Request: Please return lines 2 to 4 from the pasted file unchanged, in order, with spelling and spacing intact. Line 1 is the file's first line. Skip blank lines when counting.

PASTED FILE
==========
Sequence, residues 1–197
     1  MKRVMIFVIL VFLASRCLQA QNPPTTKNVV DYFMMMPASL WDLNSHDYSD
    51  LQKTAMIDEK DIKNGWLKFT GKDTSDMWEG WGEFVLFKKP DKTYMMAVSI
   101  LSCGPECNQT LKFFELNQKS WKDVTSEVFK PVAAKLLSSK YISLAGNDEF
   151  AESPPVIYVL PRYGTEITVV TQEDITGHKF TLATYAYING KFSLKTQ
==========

     1  MKRVMIFVIL VFLASRCLQA QNPPTTKNVV DYFMMMPASL WDLNSHDYSD
    51  LQKTAMIDEK DIKNGWLKFT GKDTSDMWEG WGEFVLFKKP DKTYMMAVSI
   101  LSCGPECNQT LKFFELNQKS WKDVTSEVFK PVAAKLLSSK YISLAGNDEF